Not all workplace hazards can be seen: tips to help your employees protect their hearing affordably

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image of this article's author, Erin Putman
Erin Putman
National Account Manager

October is National Protect Your Hearing Month. Did you know occupational hearing loss is one of the most common health issues found in the workplace? Over 22 million workers are exposed to hazardous levels of noise each year. [1]

The industry most affected by high workplace noise levels is manufacturing, while occupational hearing loss is also an elevated risk in industries such as: transportation, military, construction, utilities, agriculture, mining and maintenance.

So why should employers and brokers be thinking about the issue of hearing loss? In addition to overall employee health and wellness that’s impacted by hearing loss, high levels of noise can decrease job performance and productivity, especially when tasks are complicated or involve multi-tasking. Noise hazards at work can make communication more difficult, decrease concentration and coordination and cause serious workplace accidents and injuries.[2]

Hearing loss is also associated with lower earning potential[3], higher healthcare costs[4] and can add stress to the body and mind. Hearing impairment also increases the risk for other employee health issues like diabetes, dementia and depression.[5]

5 tips to protect hearing in the workplace

Good hearing is so important. It's essential for employees and employers to protect hearing before hearing loss even begins. Consider taking the following steps to protect employees’ hearing in the workplace.[6]

1. Identify and control hazardous noise levels in the workplace on a regular basis. Noisy machinery can be retrofitted, redesigned, enclosed, isolated or moved away from workers. Keeping up on maintenance of machinery also helps.

2. Hearing loss prevention and education should be available on the job. Workers should be fitted with hearing protection and trained on its correct use and care. Noise-hazard zones should have proper signage with extra ear protection available. Employee shifts can be limited to reduce exposure.

3. The National Institute for Occupational Safety and Health recommends a limit of 85 decibels (dB) over eight hours. Noise exposure or decibels at or above this level are considered harmful and hazardous to hearing, and require that employers offer a hearing conservation program.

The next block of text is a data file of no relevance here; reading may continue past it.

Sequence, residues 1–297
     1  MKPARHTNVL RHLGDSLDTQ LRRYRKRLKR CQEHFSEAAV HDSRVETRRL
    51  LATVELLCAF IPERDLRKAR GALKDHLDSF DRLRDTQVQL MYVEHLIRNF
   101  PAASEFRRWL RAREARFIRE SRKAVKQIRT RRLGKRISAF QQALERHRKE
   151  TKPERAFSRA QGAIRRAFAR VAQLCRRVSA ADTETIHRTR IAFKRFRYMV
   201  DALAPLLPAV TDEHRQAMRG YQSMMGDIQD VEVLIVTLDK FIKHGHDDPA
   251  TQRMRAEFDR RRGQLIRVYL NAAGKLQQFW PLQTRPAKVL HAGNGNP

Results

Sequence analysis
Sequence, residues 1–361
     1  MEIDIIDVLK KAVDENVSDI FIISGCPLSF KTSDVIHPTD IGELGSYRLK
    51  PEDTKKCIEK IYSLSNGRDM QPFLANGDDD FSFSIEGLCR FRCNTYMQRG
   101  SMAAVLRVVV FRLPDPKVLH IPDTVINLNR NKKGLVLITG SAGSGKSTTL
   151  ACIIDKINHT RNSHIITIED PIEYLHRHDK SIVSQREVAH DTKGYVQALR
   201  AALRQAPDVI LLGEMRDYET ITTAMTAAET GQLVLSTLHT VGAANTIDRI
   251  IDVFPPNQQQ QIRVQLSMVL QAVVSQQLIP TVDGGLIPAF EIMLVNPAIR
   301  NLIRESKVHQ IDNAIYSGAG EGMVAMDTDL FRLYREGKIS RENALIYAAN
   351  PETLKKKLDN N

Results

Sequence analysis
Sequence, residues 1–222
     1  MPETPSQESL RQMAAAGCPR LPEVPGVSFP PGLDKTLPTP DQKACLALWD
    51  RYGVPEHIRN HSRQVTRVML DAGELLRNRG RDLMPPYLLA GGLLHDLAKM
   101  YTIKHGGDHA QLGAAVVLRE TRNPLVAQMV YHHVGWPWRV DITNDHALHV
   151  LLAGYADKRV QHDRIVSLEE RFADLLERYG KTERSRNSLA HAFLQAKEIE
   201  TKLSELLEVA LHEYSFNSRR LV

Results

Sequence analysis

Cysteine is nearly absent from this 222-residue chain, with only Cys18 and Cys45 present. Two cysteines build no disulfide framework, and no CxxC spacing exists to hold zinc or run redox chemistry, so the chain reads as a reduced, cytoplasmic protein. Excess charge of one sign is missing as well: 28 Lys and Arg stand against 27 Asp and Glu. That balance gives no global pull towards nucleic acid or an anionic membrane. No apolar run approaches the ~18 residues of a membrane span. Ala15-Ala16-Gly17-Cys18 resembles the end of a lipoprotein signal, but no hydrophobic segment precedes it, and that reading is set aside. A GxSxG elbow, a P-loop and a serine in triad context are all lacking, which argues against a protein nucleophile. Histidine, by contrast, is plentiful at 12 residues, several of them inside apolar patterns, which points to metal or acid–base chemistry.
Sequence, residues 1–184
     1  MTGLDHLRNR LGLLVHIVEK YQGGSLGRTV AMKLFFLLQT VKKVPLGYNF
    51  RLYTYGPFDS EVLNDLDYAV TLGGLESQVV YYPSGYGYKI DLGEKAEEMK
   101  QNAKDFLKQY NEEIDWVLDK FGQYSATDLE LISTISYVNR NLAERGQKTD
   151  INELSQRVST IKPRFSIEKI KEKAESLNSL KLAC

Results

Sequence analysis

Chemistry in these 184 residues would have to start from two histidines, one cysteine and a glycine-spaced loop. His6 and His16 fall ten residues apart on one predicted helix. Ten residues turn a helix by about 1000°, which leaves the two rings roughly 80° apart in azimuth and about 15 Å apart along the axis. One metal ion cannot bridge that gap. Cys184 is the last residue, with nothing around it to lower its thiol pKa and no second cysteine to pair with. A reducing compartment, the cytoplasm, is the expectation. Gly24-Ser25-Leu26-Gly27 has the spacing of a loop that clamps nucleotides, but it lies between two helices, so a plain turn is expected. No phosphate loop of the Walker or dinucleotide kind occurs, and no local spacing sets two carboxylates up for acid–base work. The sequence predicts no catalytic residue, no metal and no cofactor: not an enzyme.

4. Employees should practice safe hearing by always wearing earmuffs in designated areas. They can also use break time to find a quiet spot and give their ears a rest.

5. Regular hearing checks every two years are important to establish a baseline and as part of an employee’s overall health profile and detect early hearing loss so it can be treated.

Start by checking your risk for hearing loss with this quick quiz – What is your hearing age? – and share the quiz with employees.

Get help with employee hearing care

We also have a solution. EyeMed members have access to hearing screenings through Amplifon Hearing Health Care. You can read about the EyeMed Amplifon Hearing Discount and share this site with your members:

If you don’t have EyeMed vision benefits and want to learn more, you can request an EyeMed representative contact you at There, you also can review our hearing discount overview and other helpful resources about EyeMed vision benefits.


1: “Exposure to Hazardous Workplace Noise and Use of Hearing Protection Devices Among US Workers,” American Journal of Industrial Medicine,

2: “The Effect of Exposure to High Noise Levels on the Performance and Rate of Error in Manual Activities,” Electron Physician,

3: MarkeTrak VIII, Better Hearing Institute, USA, 2008

4: AARP:

5: Diabetes – Diabetes and hearing impairment in the United States: audiometric evidence from the National Health and Nutrition Examination Survey, 1999 to 2004; Dementia – Hearing Loss and Cognitive Decline in Older Adults; Depression –

6: Amplifon: Occupational hearing loss is a big problem in manufacturing and other industries; NIOSH, accessed at